Dancehall, like its forerunner, reggae, came from the ventricles of poor and oppressed Jamaicans, and was always rejected, attacked and treated like an anathema by elite Jamaicans or their apologists. The genre survived because of its sheer aggressiveness, cultural power and determination of the Jamaican masses to be faithful to their indigenous roots. The foot soldiers developed a hydra-headed survival strategy that was strong and pervasive, determined and feisty, as the spirit that defines the Jamaican underclass.

This new Jamaican art form has evolved from being a physical space where people would meet for jollification, drinking and dancing, a place which could be an actual room, the back of a shop, a real hall, or even just a fenced area specially prepared for adult conviviality. That was dancehall then. Dancehall today has evolved into a new phenomenon; it has become a people's lifestyle, world view and a culture.

It is no longer a place you go but a thing you do. It is a music, terpsichorean, haute couture, language and modus operandi. It is a reality that resides in the hearts and souls of its supporters. It is indeed an expression of a new outlet and authority.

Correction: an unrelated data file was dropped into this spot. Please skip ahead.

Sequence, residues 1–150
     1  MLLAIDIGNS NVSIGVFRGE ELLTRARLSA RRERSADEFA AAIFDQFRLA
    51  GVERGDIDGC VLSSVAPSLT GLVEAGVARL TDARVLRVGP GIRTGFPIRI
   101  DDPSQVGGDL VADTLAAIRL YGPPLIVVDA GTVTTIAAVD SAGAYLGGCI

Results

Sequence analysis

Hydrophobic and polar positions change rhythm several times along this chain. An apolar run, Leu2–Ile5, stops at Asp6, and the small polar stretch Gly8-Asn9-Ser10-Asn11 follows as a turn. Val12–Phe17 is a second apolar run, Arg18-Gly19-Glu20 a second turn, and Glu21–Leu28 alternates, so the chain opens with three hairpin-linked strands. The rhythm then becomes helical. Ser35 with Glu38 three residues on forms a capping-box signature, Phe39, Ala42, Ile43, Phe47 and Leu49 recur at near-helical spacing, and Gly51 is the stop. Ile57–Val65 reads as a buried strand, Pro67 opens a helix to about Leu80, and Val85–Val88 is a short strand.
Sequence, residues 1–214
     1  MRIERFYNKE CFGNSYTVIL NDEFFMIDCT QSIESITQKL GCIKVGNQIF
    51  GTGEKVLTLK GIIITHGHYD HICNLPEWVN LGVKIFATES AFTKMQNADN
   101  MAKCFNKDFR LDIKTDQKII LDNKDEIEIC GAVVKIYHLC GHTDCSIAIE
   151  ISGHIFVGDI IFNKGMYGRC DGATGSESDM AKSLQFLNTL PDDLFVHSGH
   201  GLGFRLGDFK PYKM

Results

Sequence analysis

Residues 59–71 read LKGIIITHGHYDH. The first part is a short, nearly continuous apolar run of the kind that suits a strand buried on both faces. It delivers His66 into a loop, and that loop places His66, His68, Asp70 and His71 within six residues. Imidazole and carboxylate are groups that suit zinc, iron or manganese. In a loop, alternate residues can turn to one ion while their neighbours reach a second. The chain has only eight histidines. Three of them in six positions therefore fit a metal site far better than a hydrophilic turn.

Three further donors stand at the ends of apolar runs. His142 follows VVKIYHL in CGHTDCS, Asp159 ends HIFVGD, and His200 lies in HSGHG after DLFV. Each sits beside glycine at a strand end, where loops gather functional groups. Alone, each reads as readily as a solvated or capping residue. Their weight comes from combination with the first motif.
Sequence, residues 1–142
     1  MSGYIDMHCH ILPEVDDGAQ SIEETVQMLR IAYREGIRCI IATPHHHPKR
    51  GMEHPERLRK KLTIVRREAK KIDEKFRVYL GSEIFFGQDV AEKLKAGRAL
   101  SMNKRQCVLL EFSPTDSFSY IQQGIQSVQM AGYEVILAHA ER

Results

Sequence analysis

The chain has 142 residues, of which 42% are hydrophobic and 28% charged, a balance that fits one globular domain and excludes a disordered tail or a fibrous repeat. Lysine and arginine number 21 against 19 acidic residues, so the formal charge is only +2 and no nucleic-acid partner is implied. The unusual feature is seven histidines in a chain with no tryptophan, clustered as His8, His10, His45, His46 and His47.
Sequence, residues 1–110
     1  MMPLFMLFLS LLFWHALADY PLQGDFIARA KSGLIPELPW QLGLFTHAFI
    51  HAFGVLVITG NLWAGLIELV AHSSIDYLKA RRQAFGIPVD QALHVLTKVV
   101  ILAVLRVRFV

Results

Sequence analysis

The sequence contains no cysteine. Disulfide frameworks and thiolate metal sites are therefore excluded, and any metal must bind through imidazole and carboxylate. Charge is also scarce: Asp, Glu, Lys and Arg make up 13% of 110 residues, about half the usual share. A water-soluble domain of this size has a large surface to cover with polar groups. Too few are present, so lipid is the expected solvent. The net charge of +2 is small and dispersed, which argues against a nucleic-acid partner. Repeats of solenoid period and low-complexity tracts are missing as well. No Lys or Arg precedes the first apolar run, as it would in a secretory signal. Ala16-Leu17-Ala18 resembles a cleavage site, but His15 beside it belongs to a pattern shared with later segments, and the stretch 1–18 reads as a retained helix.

At the centre of a dancehall session, amid the mesmerising acrobatic dancing, merriment, video shooting and drama, is the deejay. He or she has risen to this stardom of controlling the microphone in an extremely competitive environment because of a keen musical air, lyrical dexterity and the gift of the gab. The deejay never loses sight that he must at all times 'ride di riddim like a lizad pan a limb'.

The 2015 Magnum Kings and Queens of Dancehall ended with lyrical fireworks between Ffrench and Triple A, the two top female contenders, and Lava Vein and Devin Di Dakta, the men who were left standing. Check out some of the lyrical ammunition:

Ffrench: